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Iraq and Afghanistan violated just war theory, says Archbishop of Canterbury


On the eve of Remembrance Sunday, 11 November 2007, Archbishop of Canterbury Dr Rowan Williams described the Western-backed wars in Iraq and Afghanistan as a tragic mess which failed to conform to the principles of ‘just war’ theory and brought great suffering.

The remarks came over the weekend as the head of the Church of England continued his visit to Norfolk. Dr Williams was speaking during a visit to Norwich Cathedral as part of a three-day tour of the region, reports the Norfolk Eastern Daily News.

The archbishop said that while people should recognise and honour the bravery of soldiers at war, past and present, the Middle East conflicts fell short of one of the significant requirements of what is traditionally held to be a just war.

He told an audience of 600 clergy and lay church leaders that: “One of the aspects of traditional just war theory is that you need to know what would count as a good end and how you would know when you have that and what to do then."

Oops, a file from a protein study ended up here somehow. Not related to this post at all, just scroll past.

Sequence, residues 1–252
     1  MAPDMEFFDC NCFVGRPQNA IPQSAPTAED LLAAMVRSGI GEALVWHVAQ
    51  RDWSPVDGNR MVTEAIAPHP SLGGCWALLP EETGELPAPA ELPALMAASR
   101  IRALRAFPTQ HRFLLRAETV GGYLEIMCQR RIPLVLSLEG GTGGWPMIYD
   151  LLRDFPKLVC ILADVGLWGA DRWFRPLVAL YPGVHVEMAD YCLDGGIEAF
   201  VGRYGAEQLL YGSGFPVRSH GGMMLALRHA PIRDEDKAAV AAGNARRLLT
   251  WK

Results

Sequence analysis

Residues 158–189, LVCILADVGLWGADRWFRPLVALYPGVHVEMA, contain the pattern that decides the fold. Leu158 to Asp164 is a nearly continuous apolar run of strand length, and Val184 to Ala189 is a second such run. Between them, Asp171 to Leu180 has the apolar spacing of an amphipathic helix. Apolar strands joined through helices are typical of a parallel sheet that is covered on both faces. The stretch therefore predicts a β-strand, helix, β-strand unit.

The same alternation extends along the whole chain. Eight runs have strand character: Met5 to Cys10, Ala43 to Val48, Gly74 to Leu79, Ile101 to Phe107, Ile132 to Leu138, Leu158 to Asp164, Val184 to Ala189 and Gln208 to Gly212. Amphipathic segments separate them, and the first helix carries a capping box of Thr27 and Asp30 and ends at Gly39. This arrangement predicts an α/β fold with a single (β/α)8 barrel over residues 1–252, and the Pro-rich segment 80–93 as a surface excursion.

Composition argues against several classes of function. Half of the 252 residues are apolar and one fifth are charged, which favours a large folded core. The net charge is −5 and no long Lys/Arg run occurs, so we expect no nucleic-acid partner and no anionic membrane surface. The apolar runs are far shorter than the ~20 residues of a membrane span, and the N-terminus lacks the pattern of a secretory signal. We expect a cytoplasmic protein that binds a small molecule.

Dr Williams continued: “I don’t think we had that in place sadly. I don’t think we knew what we would do next or what would count as our ending. And that is the tragedy.”

Dr Williams also talked about how Christian pacifists can reconcile their beliefs with the reality of war and the church’s development during some of the most turbulent times in history saying that for much of its early history it was involved in “damage limitation” exercises.

“Granted there are going to be wars, how do you stop then being nightmares and a mere expression of naked power?" he asked.

Christian peace campaigners have criticised the accommodation of mainline churches to violence during the 1700 years of Christendom, arguing that the core Gospel message calls for a more creative, nonviolent role in a iolent and divided world.

The ‘just war’ theory was adopted when the Church moved away from its early pacifism. It has been used to call for limits on war, but has rarely succeeded. It was also used to justify the defence of Christian empires.

"Just war theory points to ways of limiting conflict, but historic Christianity has much more to offer in terms of creative alternatives and practical non-violence in line with the message of Jesus and well-researched modern theories of conflict transformation", suggests Simon Barrow of the think tank Ekklesia, which examines religion in public life.

Ekklesia www.ekklesia.co.uk (This work is licensed under a Creative Commons Attribution-NonCommercial-NoDerivs 2.0 England & Wales License)